Tridacna ningaloo Possibly Bred in Captivity for First Time Ever

Tridanca ningaloo by Acro Al Here’s some exciting news for us self-professed clam junkies. Acro Al, obviously a clam junky in his own right, has unveiled that he may have bred the newly discovered but yet to be officially named Tridacna ningaloo clam at his facility in Australia. Al, who has been breeding all sorts of clam species, broke the news with this photo via Facebook, and it’s exciting news not only for the aquarium community, but for the scientific community as well. This event may mark the first time the species has even been bred in captivity

First Ever Fully Cultured Tridacna maxima Hits the Market

Thanks to the extremely focused efforts of one individual, the world of Tridacnid clams has been completely changed. We’ve been following the work of one Australian “super aquarist” who goes by the name Acro Al. He has been breeding clams at his home for quite some time now, sharing much of his journey with fellow hobbyists on social media. And because we’re total clam junkies, we’re totally excited about the fact that his babies are getting old enough to hit the market. What makes the news even more exciting is that this is the first time that fully cultured maxima clams have ever been offered in the aquarium trade! To let the market fully dictate the price, this first individual, which is a total looker by the way, was posted in an online auction with a minimum reserve set at $250. The price quickly rose to well over $400 for this 40mm individual, which interestingly is about to turn one year old. The clam is not availalbe to purchase by US hobbyists, as the permitting and paperwork hoopla is far too difficult to overcome at this point, but it’s still groundbreaking news for the hobby. First fully aquacultured Maxima clam IN THE WORLD! Species: Tridacna Maxima (Röding, 1798) Batch No.

Tridacnid Clams, the Perfect Transitional Animal for Aspiring Reefkeepers?

Blue Tridacna Maxima Clam I still vividly remember my first Tridacnid clam. It was a very nerve-racking time in my journey through the hobby, as I was just starting to dabble in the realm of corals and, like most hobbyists, I wanted to do things the right way the first time around. As I became a little more comfortable with corals, I was strangely drawn to the “giant” clams, prompting me to research the available species for a significant amount of time. From everything I read, clams appeared to present a unique challenge; animals that had all of the same requirements as SPS corals, but with a whole slew of diseases and parasites that could cause some mysterious and untimely death. Being a new coral keeper at the time, this was very scary for me, as thoughts of dosing and light requirements flooded my thought process. My fascination eventually overcame my fears and concerns, however, leading to my first clam purchase and a complete shattering of the notion that clams are difficult to care for. In fact, my experience was so positive that I filled my growing mixed reef with several species clam, oftentimes with each species being represented multiple times. Over the years, I continued to grow my clam collection, hoping to, at some point, house one of each species readily and even not-so-readily available in the aquarium trade.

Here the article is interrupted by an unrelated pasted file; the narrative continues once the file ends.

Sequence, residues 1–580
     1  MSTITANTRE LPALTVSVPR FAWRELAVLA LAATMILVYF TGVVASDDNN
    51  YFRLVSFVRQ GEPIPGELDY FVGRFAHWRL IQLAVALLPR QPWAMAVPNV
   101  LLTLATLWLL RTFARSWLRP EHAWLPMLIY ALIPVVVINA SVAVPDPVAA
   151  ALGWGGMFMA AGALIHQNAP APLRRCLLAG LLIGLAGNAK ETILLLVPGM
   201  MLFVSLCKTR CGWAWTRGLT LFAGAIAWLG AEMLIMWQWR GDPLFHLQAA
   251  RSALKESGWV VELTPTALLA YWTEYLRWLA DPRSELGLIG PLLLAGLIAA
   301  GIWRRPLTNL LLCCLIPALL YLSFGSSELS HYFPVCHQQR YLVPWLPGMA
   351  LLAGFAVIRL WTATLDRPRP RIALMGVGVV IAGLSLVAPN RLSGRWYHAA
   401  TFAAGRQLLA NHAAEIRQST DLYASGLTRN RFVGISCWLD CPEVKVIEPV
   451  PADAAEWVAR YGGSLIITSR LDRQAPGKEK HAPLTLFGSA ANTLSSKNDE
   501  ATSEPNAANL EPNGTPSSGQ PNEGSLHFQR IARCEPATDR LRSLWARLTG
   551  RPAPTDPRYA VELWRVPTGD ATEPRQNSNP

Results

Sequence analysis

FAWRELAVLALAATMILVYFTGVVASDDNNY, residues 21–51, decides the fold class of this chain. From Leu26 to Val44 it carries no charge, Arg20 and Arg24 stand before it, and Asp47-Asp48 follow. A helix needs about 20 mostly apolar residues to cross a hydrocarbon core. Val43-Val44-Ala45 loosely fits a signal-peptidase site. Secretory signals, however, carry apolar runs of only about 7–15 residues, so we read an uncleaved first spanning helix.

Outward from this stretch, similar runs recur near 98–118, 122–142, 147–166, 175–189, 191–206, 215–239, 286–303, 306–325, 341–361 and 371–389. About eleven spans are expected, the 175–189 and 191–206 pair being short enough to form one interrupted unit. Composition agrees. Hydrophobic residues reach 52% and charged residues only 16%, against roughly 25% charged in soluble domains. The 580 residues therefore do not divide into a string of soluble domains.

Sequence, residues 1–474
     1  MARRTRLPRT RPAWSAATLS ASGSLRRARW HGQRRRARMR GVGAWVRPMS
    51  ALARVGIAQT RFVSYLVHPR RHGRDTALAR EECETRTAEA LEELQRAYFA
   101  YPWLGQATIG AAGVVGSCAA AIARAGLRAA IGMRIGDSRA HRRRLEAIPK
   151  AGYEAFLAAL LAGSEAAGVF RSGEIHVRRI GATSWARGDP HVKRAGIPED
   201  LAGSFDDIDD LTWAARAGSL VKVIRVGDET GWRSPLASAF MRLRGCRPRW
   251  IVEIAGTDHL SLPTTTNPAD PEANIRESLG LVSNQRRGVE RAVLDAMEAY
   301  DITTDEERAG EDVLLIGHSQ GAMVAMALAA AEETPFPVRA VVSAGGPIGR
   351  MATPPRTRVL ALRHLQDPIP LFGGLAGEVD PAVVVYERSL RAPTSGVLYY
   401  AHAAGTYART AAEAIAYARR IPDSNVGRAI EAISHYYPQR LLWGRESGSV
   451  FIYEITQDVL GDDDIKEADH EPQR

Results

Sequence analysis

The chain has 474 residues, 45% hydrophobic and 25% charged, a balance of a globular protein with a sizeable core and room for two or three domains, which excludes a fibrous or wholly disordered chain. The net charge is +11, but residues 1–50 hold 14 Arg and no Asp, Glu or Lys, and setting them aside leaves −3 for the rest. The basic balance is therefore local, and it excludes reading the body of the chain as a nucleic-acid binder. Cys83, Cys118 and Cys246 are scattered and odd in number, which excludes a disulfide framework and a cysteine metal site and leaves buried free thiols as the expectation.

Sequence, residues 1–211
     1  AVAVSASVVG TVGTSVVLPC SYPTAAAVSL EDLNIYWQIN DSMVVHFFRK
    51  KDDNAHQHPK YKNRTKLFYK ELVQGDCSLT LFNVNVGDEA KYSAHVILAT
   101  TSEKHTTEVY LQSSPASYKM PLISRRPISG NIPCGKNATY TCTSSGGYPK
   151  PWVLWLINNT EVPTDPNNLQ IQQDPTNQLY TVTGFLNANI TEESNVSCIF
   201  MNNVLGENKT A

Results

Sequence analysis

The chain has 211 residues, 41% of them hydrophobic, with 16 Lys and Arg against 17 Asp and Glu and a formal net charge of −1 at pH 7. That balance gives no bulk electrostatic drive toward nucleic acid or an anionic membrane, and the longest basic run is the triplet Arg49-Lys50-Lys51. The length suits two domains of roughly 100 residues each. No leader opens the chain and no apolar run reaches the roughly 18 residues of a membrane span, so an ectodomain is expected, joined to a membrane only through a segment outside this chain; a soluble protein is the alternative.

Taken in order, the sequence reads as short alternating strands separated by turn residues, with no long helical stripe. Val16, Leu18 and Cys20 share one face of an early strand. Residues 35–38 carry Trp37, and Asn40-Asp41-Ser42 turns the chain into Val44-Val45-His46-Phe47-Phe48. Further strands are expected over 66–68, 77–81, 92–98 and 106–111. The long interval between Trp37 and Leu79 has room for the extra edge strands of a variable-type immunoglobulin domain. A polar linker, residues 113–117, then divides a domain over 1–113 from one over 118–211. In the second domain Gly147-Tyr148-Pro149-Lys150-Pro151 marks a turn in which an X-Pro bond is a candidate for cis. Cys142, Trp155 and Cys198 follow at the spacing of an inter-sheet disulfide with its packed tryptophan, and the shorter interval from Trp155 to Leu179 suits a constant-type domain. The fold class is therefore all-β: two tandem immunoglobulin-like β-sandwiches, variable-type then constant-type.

Red Sea Maxima Clams Enter the US for First Time in 15 Years

If you’re as into Tridacnid clams as much as we are, then you might want to pay attention. For the first time in 15 long years, T. maxima clams originating out of the Red Sea are being imported into the US. That’s been far too long in our book. Thankfully, the crew at Golden Coast for Fishing Sea Products, a company associated with RVS Fishworld, obtained all of the CITES permitting required to legally access and export the beautiful clams. They have already shipped 36 boxes of fish and clams to ACI Aquaculture, a Florida-based wholesaler, which we are told landed yesterday. The clams are downright beautiful, to say the least
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